Queensland Drug Policies: From Conservative to Compassionate

Queensland has long been one of the most conservative states in Australia, with a history of equally as conservative drug laws. 

Soon, it will be home to some of the most relaxed drug laws in the country.

Queensland's new plan

The Queensland government has announced major changes to their drug policies as part of its 2022-2027 Alcohol and Other Drugs Plan.

The state is expanding its Drug Diversion Program. Where previously, the legislation only applied to cannabis possession, it will soon include all types of drugs.

And it will soon become the first in Australia to legalise pill testing. 

Drug Diversion Program

As part of the Drug Diversion Program, people found in possession of illicit drugs will be given a warning on their first offence. On their second and third offences, they will be mandated to participate in a diversionary program, where they will receive counselling and education. However, you can still be charged if you fail to participate in the program.

These reforms bring Queensland in line with other states, where police are able to exercise discretion to determine whether or not to charge individuals found with illicit drugs. But with these new laws, Queensland is the first state to mandate these protocols, and it will soon have some of the most lenient regulations in Australia.

Benefits of Drug Diversion Programs

The reforms have been introduced after calls from medical experts, community groups, the Queensland Productivity Commission, and even the Queensland Police Service.

A 2019 Queensland Productivity Commission’s report determined that drug decriminalisation would save the state “between $165 million and $270 million in annual prison costs”. Although Queensland hasn’t fully decriminalised drugs, this is a first step towards that.

This change will not only save the state a massive amount of time and money. It will prevent thousands of individuals from coming into contact with the criminal justice system and change lives. 

The number of people being charged for simple drug possession in Queensland is astronomical. Between 2005 and 2016, over 150,000 people were sentenced simply for having drugs - from cannabis to cocaine. 

Not only that, but Aboriginal and Torres Strait Islander peoples are more likely to be charged with drug possession. The laws aren’t just illogical, they are outright discriminatory.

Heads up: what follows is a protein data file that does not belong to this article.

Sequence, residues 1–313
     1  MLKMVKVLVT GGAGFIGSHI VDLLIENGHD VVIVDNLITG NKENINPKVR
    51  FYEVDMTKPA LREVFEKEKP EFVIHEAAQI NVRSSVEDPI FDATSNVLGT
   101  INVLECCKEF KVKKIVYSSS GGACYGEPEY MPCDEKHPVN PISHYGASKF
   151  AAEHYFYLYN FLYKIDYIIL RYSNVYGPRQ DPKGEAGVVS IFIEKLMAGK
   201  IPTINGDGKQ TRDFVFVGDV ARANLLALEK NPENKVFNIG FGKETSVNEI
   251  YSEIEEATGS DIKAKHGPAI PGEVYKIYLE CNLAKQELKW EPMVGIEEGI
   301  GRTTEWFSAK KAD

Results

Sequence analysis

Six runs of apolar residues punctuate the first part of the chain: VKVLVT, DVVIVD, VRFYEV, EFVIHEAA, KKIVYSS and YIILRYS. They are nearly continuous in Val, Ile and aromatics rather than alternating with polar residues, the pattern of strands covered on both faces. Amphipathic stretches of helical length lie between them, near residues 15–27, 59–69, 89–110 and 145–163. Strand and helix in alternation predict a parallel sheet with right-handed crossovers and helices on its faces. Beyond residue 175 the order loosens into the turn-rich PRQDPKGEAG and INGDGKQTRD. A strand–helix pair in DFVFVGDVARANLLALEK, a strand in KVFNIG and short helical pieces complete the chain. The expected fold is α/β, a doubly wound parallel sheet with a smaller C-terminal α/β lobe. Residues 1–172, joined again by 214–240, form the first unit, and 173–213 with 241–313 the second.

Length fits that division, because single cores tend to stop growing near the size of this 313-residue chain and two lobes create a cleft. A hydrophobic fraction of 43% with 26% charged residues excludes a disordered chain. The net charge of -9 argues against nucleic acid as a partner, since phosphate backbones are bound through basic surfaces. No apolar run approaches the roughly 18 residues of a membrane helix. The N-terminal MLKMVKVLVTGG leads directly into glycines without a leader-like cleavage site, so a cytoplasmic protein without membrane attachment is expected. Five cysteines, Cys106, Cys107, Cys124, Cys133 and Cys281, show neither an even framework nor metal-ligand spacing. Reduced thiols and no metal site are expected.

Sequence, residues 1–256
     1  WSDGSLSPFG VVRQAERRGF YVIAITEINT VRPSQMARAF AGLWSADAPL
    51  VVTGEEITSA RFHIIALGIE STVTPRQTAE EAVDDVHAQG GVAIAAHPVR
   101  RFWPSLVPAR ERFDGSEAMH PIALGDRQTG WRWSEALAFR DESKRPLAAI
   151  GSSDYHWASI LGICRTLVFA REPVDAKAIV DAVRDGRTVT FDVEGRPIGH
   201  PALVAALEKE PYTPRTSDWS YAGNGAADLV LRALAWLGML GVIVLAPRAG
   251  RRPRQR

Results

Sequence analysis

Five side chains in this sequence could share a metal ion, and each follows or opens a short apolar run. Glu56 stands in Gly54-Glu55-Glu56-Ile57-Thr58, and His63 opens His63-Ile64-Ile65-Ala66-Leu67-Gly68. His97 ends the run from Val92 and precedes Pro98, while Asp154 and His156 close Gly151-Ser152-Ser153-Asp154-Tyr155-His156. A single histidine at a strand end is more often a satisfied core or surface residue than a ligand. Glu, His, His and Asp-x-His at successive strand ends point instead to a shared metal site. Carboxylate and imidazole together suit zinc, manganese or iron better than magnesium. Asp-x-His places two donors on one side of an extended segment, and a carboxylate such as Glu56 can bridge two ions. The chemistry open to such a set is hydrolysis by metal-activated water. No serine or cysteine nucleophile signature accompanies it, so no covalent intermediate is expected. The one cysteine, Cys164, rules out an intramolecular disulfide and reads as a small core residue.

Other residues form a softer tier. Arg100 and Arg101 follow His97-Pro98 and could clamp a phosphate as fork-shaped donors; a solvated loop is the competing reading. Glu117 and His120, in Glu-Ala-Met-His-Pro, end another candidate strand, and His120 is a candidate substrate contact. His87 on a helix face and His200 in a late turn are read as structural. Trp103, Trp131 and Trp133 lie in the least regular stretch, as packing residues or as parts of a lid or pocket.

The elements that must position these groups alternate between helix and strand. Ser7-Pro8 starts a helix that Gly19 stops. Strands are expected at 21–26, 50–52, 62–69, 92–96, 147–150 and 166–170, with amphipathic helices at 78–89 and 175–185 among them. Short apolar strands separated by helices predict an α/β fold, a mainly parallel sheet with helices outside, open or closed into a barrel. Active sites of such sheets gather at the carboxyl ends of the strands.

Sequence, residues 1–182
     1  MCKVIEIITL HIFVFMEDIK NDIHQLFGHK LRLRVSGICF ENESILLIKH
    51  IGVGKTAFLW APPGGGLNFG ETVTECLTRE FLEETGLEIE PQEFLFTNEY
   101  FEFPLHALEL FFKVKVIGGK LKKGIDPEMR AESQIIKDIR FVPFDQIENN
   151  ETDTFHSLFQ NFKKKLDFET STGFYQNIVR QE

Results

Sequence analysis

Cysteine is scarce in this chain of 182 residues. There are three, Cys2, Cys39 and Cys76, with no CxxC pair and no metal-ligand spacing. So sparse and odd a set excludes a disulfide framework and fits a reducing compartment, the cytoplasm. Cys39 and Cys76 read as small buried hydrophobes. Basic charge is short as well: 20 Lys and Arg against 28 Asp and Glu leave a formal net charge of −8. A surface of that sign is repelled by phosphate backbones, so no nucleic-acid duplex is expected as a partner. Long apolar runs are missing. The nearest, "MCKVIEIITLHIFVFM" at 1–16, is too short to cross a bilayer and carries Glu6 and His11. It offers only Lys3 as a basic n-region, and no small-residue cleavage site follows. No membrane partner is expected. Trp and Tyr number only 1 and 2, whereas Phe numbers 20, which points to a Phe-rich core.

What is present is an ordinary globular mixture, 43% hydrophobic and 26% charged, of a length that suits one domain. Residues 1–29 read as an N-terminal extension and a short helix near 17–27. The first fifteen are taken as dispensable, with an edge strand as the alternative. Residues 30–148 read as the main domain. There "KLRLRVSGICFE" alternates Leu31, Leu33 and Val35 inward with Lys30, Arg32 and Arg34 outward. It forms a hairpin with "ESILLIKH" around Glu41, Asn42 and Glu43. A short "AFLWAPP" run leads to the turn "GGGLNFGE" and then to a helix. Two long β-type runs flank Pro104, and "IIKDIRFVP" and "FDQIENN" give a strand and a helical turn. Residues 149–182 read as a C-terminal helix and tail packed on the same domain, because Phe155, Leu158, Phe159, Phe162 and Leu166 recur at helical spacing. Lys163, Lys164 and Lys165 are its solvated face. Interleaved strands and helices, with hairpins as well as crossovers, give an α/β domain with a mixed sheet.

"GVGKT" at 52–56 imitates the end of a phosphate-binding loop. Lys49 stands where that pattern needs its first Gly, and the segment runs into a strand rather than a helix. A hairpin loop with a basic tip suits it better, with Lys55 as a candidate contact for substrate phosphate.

For people who are sentenced, the impacts of having a criminal record are life changing. Criminal records can prevent you from getting jobs and housing. It can prevent you from travelling to certain countries, and applying for loans or insurance are more difficult.

But perhaps the most harmful part of having a criminal record is the stigma that comes with it. It is now well known that individuals with a criminal record experience a lower quality of life due to social rejection, discrimination, and the shame that comes with a record.

The government predicts the new law will prevent almost 17,000 Queenslanders from being prosecuted for drug possession. 

And that is only in the first year.

And the majority will never have contact with the criminal justice system again.

Police Minister Mark Ryan has called it “a common-sense approach”.

Not true decriminalisation 

However, the new approach is not without caveats. 

To be eligible to receive a warning, individuals must not be facing any other criminal charges, and they cannot have been to jail previously for any drug-related offences. 

And for those who are eligible, on the fourth offence, police will issue a court notice.

For long-term drug users, the new law is unlikely to prevent them from entering the criminal justice system. 

In order for everyone to reap the benefits of this kind of policy, we need to move towards full decriminalisation of drug possession, as recommended by experts in the medical community, and the Queensland Productivity Commission. 

Pill Testing

Queensland has also become the first state in Australia to legalise pill testing services. Although the name pill testing suggests that these services only test pills, they actually test all kinds of drugs in all forms.

It will include fixed and mobile sites. 

The benefits of pill testing services are hard to ignore. They have been wildly successful in Europe, and the recent trials in Canberra were deemed a massive victory. In Canberra, for individuals whose results showed substances other than what was expected, the majority tossed their drugs in the bin. 

The trials also found that almost half of the ketamine samples tested did not contain ketamine.

We know that people aren’t going to stop taking drugs. So why not prevent any unnecessary harm and suffering?

Benefits of pill testing

Pill testing services are life-saving services.

In Queensland, illicit drugs cause more deaths each year than road accidents.

We have heard countless stories of young people dying from taking party drugs at festivals and parties. If pill testing had been available, some of these people might still be around today.

And with fentanyl becoming a more pertinent risk in Australia, pill testing will play a crucial role in preventing unnecessary deaths in the future.

Despite rumours that pill testing encourages drug use, in reality, it discourages dangerous drug use. The recent trial in Canberra found that people who had their drugs tested went on to use their drugs more safely.

Will the rest of Australia follow in Queensland's footsteps?

Queensland’s new drug policies are a huge step in the right direction. 

Harm reduction is the future, and it’s time for governments to take action.

The battle is far from over, but every step forward is worth celebrating.

A message to other states: if Queensland can do it, you can too. 

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